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COVID-19

Study: Women undergoing hormone replacement therapy less likely to die from COVID-19

Researchers investigated combined oral contraception, which contains estrogen, because recent observational data suggests that women taking the pill have a lower risk of catching COVID-19.

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Women who are unwell and are about to take antibiotics.
(Oakland Images via Shutterstock)

By Stephen Beech via SWNS

Women undergoing hormone replacement therapy are more than a fifth less likely to die from COVID-19, according to a new study.

Researchers found that receiving HRT within six months of a recorded diagnosis of COVID-19 was associated with a reduced likelihood of dying from the virus.

Men and women are equally susceptible to COVID-19. However, men tend to have more severe infections, and have higher rates of both hospitalization and dying.

A recent review of sex differences in COVID-19, using figures from 38 countries, found mortality in men was 1.7 times higher than in women.

Younger women or those with higher estrogen levels are less likely to experience COVID-19 complications.

Earlier studies have also shown that women have faster and greater immune responses to viral infections. Researchers have observed similar data in previous pandemics, including Severe Acute Respiratory Syndrome Corona Virus (SARS-CoV) and Middle East Respiratory Syndrome Corona Virus (MERS-CoV) outbreaks.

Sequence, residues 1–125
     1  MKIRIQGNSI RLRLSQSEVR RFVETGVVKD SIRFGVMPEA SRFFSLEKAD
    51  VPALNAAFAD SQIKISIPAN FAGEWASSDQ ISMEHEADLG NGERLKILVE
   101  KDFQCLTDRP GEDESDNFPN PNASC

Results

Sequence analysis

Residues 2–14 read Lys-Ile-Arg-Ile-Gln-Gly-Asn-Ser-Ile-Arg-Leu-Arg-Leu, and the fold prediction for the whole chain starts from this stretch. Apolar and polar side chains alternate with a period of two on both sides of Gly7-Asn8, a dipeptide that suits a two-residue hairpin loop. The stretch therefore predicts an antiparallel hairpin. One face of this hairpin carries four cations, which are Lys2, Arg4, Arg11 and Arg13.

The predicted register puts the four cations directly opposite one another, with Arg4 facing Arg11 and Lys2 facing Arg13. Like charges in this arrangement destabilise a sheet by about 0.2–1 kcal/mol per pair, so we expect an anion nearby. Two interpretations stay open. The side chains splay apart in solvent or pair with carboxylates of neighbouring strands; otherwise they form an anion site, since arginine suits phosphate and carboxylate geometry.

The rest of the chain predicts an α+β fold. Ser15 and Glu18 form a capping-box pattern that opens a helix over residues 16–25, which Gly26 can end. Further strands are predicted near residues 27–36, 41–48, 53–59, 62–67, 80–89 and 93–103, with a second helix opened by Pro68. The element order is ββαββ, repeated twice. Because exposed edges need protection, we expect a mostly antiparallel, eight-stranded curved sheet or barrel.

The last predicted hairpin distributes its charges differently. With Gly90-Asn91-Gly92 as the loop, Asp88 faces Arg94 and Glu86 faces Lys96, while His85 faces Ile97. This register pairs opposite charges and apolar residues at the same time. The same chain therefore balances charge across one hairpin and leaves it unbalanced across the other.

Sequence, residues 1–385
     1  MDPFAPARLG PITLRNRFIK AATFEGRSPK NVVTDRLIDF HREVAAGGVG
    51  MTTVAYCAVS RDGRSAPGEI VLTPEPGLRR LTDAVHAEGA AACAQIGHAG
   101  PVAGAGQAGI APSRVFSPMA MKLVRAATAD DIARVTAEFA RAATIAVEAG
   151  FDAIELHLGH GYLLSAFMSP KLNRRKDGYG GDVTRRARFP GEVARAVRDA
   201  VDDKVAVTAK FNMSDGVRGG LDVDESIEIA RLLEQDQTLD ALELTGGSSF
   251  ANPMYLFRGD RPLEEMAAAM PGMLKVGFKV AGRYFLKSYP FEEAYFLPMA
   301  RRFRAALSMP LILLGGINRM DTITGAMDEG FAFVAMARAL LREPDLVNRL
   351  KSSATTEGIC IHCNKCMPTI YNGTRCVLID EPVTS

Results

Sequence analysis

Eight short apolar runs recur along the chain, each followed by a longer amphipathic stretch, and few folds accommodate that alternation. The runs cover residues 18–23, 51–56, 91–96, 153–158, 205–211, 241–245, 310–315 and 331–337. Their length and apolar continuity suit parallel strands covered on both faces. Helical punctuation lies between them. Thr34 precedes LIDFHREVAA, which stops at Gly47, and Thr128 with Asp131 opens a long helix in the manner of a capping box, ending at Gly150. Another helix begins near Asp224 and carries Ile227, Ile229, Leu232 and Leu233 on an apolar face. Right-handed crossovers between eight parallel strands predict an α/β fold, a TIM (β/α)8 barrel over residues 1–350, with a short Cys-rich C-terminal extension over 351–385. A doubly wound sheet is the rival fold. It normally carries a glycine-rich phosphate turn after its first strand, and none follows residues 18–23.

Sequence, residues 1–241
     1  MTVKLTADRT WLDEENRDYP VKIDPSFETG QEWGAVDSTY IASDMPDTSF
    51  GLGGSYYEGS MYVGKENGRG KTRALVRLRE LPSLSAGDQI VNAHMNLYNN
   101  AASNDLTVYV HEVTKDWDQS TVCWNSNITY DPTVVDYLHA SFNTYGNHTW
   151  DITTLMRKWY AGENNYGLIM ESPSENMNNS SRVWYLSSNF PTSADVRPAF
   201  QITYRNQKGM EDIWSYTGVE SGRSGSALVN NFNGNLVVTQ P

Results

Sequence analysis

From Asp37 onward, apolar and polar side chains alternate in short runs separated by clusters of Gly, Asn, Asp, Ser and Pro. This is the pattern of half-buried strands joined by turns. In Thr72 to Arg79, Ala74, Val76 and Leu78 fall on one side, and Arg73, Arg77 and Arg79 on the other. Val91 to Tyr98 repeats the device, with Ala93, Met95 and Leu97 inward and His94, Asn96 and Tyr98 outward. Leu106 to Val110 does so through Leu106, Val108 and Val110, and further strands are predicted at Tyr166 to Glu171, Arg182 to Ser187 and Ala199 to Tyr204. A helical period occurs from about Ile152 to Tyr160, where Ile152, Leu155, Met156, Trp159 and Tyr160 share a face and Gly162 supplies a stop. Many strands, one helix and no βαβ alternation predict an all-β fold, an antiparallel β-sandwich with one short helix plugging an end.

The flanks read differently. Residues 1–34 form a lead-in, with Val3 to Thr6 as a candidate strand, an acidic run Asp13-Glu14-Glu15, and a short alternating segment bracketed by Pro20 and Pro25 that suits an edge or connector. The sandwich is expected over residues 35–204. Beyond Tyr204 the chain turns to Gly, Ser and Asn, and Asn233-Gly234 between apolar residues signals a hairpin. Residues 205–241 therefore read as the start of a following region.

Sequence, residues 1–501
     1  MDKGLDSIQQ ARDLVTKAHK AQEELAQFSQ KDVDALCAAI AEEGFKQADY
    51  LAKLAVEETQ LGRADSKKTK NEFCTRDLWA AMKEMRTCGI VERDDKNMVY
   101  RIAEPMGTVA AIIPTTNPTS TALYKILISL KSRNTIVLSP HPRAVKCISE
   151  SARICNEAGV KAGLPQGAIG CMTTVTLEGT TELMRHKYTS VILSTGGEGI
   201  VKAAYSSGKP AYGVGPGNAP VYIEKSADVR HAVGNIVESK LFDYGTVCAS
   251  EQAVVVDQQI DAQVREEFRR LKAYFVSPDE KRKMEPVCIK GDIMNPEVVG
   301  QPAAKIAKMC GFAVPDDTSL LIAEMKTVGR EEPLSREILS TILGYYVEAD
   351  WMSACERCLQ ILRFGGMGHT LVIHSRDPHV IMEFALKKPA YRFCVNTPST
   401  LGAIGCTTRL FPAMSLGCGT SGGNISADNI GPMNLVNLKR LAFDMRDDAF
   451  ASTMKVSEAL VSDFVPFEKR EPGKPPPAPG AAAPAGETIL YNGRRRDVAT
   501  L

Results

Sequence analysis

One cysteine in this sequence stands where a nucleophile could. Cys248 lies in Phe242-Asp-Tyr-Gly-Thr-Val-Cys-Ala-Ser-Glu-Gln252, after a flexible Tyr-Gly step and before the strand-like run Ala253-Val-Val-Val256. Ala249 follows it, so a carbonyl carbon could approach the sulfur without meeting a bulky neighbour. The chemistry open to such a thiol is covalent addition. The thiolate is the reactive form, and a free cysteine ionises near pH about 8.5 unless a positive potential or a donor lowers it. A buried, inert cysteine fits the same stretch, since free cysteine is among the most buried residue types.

Researchers say that the reason for the differences between men and women is uncertain.

Limited recent observational data suggest that oestrogen may reduce the severity of COVID-19.

The new study, published in the journal Family Practice, investigated the association between HRT or combined oral contraception use, and the likelihood of death in women with COVID-19.

Researchers investigated combined oral contraception, which contains estrogen, because some recent observational data suggests that women taking the pill have a lower risk of catching COVID-19.

The team looked at medical records from the Oxford-Royal College of General Practitioners Research and Surveillance Centre primary care database.

They identified a group of more than 1.8 million women over 18 from 465 general practices in England.

There were 5,451 COVID-19 cases within the group. HRT was associated with a 22 percent reduction in dying from COVID-19.

Study co-author Dr. Christopher Wilcox, of the University of Southampton, said: "This suggests that estrogen may well contribute a protective effect against COVID-19 severity.

"This may explain why fewer women compared to men have been hospitalized, admitted to intensive care, or died due to COVID-19 during the pandemic."

He added: “This study supports the theory that estrogen may offer some protection against severe COVID-19.

“We hope that this study can provide reassurance to patients and clinicians that there is no indication to stop hormone replacement therapy because of the pandemic.”

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